Anyone else seen it? Let us know what you think below…

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Greenland – The Times Atlas vs Scientists

28 09 2011

There has been a big furore over the past few weeks regarding the publication of the new, 13th Edition of the Times Comprehensive Atlas of the World.  Specifically, the depiction of the Greenland Ice Sheet (GIS), and the associated press release, which said that the GIS had lost 15% of its permanent ice cover.

Different in the permanent ice cover in Greenland between 1999 (left) and 2011 (right)

This figure is a gross over-exagerration (Greenland has actually lost about 0.1% over the last decade), and was picked up by a number of scientists almost immediately.  Emails were being fired around mailing lists rapidly, as glaciologists attempted to find the best way to remove this figure from the mass media, before it became public knowledge and damaged the reputation of glaciologists working in Greenland (of which there are a lot).  The Times Atlas publishers (Harper Collins) initially refuted the claims, saying  that they:

“are the best there is … Our data shows that it has reduced by 15%. That’s categorical.”

Initially it was unclear where the “15%” figure had appeared from, but it soon emerged that the new map bared a striking resemblance to an online map of the GIS on the National Snow and Ice Data Centre’s website.  Those working on Greenland for the Times Atlas had clearly misinterpreted this map, and taken it to be an absolute measure of all ice cover in Greenland, when it actually represented something else.

The reason that this cartographer’s error spiralled out of control is simple – scientists were not consulted.  Had consultation taken place, the error on the map, and the consequent ice loss figure of 15% would have been immediately spotted and corrected.  The error, if left uncorrected would have discredited what a number of scientists from institutions across American and Europe have been working on for a number of years.  The actual picture of what is happening to the GIS is extremely complex, and remains poorly understood in areas.  It is a story of variability, with extreme thinning and increased in melting in areas, counterpoised with slight thickening in other areas.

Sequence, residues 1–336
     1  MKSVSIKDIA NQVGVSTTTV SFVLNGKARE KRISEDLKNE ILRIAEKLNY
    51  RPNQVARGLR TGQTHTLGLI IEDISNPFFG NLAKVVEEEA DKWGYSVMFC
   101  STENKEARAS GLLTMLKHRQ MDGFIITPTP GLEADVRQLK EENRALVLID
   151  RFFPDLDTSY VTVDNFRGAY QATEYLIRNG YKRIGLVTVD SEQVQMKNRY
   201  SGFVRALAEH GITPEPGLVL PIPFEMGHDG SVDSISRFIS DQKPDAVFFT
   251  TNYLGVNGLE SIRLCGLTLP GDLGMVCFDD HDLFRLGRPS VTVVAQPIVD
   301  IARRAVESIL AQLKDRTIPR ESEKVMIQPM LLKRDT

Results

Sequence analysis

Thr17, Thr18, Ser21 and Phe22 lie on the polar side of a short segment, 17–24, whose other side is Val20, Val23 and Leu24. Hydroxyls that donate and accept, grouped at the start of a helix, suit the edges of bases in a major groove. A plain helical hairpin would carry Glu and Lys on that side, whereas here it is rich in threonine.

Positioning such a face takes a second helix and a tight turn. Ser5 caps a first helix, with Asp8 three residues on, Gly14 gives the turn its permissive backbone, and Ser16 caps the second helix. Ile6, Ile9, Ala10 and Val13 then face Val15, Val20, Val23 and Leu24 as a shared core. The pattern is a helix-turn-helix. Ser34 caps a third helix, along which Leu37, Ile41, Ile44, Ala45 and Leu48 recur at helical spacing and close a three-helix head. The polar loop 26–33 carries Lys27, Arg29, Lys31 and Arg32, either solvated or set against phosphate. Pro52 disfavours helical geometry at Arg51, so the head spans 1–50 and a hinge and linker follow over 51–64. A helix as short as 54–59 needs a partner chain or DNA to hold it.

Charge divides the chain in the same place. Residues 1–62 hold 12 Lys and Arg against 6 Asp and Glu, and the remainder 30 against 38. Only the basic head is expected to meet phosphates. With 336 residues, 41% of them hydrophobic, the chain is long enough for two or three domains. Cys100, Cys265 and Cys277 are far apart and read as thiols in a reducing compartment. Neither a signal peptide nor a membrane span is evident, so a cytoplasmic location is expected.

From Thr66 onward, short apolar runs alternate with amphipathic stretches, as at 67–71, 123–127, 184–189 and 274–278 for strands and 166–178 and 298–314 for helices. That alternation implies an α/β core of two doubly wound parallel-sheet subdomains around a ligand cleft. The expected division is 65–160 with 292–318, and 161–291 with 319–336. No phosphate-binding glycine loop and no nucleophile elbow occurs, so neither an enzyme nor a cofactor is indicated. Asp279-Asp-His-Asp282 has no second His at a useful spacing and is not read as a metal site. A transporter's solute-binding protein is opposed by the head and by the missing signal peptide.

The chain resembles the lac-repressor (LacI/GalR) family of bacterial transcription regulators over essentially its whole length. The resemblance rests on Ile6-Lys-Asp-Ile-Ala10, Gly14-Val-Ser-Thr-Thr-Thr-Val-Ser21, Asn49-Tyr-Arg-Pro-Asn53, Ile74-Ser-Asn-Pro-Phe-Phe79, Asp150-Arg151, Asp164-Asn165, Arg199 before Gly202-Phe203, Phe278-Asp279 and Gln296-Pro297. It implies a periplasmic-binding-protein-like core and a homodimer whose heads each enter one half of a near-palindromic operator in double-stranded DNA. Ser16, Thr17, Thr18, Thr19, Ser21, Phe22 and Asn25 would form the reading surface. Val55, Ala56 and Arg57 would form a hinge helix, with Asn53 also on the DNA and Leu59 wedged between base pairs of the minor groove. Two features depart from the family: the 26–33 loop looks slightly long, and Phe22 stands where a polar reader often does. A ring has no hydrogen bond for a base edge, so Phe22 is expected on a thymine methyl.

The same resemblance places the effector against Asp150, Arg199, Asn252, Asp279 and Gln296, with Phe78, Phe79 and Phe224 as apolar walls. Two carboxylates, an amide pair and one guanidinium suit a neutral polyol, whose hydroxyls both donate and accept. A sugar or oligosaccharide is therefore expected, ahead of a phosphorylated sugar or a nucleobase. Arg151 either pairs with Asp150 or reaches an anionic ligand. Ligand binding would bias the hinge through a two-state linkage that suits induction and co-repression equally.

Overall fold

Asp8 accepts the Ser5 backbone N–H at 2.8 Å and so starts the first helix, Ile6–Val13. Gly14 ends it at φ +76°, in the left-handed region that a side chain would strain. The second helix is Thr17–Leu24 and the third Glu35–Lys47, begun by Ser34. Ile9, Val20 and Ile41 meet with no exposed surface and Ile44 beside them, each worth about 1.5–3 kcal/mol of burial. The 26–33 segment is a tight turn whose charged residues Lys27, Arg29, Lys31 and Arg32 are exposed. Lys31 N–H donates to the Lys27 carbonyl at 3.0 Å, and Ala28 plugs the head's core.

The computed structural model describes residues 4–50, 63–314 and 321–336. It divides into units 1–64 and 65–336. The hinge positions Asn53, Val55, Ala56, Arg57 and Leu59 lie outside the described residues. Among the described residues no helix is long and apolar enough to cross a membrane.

The details are too complex to do justice in this post, but maybe another time….

The main issue that arose from this “crisis” was not the actual error made by the cartographers, this was relatively easily rectified in the end, but the ease at which this information got into the public domain with no input from scientific experts.  Such experts, who have built their career working on monitoring changes of the GIS, are subject to the rigorous peer-review system when disseminating their work to the wider scientific community. The problem with this however, is that this information is largely only available to the academic community, whose institutions provide paid subscriptions to the content. ‘Scientific’ information reaching the public through popular media is subject to no such scrutiny and due to the far greater reach of such outlets, errors can propagate much further much more quickly. With recent “fiascos” tarnishing science’s reputation (Climategate, the IPCC), science needs all the help it can get to stay favouring in the public’s eyes.  Thankfully this episode was resolved quickly, and if anything, demonstrated the ability of scientists to quash rumours with scientific evidence quickly.

At no point did the writers think to contact any scientists over the alarmingly large 15% ice loss Greenland had experienced.  Instead they simply put it to print and made a fool of themselves as a result.  They have now agreed to work with scientists in the future to correct this issue, and ensure it doesn’t happen again.

Hopefully this will be the standard position for those publishing material that should (and does) have a grounding in scientific work.

For an interesting alternative visualisation of melting in Greenland visit Cryocity.